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Unintentional and violence-related injuries, including suicide, homicide, overdoses, motor vehicle crashes, and falls, were among the top 10 causes of death for all age groups in the United States and caused nearly 27 million nonfatal emergency department (ED) visits in 2019.*,† CDC estimated the economic cost of injuries that occurred in 2019 by assigning costs for medical care, work loss, value of statistical life, and quality of life losses to injury records from the CDC’s Web-based Injury Statistics Query and Reporting System (WISQARS).§ In 2019, the economic cost of injury was $4.2 trillion, including $327 billion in medical care, $69 billion in work loss, and $3.8 trillion in value of statistical life and quality of life losses. More than one half of this cost ($2.4 trillion) was among working-aged adults (aged 25–64 years). Individual persons, families, organizations, communities, and policymakers can use targeted proven strategies to prevent injuries and violence. Resources for best practices for preventing injuries and violence are available online from CDC’s National Center for Injury Prevention and Control.¶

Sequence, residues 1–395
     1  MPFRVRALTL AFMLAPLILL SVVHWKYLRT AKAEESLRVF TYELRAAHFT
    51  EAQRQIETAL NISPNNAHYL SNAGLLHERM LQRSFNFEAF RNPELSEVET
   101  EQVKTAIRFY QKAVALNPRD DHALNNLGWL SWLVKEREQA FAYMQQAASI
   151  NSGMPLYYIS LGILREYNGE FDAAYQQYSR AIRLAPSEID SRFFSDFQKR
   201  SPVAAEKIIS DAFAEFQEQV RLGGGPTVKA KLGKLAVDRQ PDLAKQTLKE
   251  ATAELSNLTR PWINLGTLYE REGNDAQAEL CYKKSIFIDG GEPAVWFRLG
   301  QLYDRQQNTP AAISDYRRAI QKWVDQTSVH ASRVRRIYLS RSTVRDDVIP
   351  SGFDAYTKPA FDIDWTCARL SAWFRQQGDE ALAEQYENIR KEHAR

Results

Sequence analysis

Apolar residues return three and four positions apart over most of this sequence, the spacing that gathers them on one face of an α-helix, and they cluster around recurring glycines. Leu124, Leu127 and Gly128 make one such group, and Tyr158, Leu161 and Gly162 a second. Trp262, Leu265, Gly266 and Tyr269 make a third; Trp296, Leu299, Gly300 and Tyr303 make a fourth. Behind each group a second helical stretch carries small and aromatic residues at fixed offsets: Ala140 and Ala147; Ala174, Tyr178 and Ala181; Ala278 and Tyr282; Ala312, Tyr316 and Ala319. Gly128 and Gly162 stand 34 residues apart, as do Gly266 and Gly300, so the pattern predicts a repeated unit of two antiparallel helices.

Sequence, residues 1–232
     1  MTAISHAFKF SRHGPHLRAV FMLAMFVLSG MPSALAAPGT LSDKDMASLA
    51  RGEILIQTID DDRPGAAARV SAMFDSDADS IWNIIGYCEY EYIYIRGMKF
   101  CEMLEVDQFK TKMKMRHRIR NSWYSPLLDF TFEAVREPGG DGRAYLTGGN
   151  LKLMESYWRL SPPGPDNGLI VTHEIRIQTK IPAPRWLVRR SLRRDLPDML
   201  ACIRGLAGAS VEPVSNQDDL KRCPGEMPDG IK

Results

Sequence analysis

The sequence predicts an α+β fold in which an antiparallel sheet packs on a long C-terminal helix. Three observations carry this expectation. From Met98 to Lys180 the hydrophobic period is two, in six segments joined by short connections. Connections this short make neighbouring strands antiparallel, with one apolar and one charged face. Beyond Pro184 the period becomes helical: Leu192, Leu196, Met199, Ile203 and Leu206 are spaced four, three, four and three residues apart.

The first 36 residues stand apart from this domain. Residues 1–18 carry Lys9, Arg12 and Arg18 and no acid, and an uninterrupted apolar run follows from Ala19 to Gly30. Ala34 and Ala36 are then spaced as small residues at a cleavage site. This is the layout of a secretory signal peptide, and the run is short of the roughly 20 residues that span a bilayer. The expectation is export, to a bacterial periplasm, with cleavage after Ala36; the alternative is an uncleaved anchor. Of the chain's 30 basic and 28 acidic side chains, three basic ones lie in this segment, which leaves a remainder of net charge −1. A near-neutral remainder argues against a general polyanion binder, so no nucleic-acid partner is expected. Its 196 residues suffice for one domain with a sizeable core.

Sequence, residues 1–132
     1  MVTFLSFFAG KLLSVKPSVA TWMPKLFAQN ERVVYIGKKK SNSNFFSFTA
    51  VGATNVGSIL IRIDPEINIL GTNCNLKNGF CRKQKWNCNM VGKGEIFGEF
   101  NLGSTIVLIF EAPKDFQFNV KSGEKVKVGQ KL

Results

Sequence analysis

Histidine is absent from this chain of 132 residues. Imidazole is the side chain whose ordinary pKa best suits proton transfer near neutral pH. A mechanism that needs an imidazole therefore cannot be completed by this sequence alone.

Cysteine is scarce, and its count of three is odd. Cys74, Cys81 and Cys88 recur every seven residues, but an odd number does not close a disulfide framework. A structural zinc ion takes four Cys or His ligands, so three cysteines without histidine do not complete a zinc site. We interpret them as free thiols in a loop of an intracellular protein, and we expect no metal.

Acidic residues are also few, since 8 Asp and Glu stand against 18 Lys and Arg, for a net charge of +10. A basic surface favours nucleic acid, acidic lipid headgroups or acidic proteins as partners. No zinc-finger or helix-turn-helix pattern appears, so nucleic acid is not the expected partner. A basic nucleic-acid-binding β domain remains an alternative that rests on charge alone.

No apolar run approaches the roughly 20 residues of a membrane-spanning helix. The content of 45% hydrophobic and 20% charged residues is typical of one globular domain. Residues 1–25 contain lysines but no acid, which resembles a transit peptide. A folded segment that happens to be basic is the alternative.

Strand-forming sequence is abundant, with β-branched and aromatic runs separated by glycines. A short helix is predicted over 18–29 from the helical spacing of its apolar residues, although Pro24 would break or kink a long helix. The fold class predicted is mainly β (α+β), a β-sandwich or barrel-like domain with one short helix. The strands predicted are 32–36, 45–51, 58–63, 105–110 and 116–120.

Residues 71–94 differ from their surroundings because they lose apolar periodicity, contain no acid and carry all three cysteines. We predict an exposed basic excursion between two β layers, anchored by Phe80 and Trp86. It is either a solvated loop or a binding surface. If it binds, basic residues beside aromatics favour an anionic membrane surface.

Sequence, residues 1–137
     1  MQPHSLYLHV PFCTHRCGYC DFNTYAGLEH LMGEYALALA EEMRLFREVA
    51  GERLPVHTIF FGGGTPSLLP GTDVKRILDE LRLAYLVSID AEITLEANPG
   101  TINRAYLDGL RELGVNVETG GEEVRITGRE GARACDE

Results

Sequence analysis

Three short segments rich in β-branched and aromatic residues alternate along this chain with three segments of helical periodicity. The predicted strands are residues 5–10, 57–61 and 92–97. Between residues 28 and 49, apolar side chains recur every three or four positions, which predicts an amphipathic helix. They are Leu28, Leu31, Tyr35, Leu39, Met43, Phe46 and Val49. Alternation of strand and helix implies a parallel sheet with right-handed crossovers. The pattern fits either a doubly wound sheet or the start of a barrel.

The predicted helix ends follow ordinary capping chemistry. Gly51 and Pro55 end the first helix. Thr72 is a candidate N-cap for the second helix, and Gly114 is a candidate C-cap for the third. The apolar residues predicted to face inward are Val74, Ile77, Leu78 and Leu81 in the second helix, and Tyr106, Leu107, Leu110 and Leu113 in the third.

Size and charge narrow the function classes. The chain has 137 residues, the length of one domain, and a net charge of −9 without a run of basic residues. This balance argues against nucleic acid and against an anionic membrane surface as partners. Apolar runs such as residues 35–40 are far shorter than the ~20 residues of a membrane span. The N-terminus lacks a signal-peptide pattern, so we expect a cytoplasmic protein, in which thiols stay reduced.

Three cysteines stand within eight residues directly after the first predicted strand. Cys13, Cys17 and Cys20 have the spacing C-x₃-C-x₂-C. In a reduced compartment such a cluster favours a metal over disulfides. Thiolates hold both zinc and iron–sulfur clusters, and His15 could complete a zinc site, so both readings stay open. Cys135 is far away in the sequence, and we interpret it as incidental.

The economic cost estimate for injuries that occurred in 2019 uses the societal perspective, including tangible and intangible costs to multiple payers, and a 1-year time horizon (period over which costs are assessed) for nonfatal injuries. Costs are presented in 2019 U.S. dollars (USD). WISQARS nonfatal injury counts are hospital ED injury visits from the nationally representative National Electronic Injury Surveillance System – All Injury Program. WISQARS fatal injury counts are from CDC’s National Vital Statistics System mortality data.